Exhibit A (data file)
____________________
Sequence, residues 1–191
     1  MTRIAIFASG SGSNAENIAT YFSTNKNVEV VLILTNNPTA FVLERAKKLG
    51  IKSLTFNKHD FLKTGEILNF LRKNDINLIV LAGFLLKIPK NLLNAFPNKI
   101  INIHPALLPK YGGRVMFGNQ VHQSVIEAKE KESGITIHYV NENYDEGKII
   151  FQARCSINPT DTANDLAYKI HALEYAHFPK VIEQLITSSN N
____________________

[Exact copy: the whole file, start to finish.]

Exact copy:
Sequence, residues 1–191
     1  MTRIAIFASG SGSNAENIAT YFSTNKNVEV VLILTNNPTA FVLERAKKLG
    51  IKSLTFNKHD FLKTGEILNF LRKNDINLIV LAGFLLKIPK NLLNAFPNKI
   101  INIHPALLPK YGGRVMFGNQ VHQSVIEAKE KESGITIHYV NENYDEGKII
   151  FQARCSINPT DTANDLAYKI HALEYAHFPK VIEQLITSSN N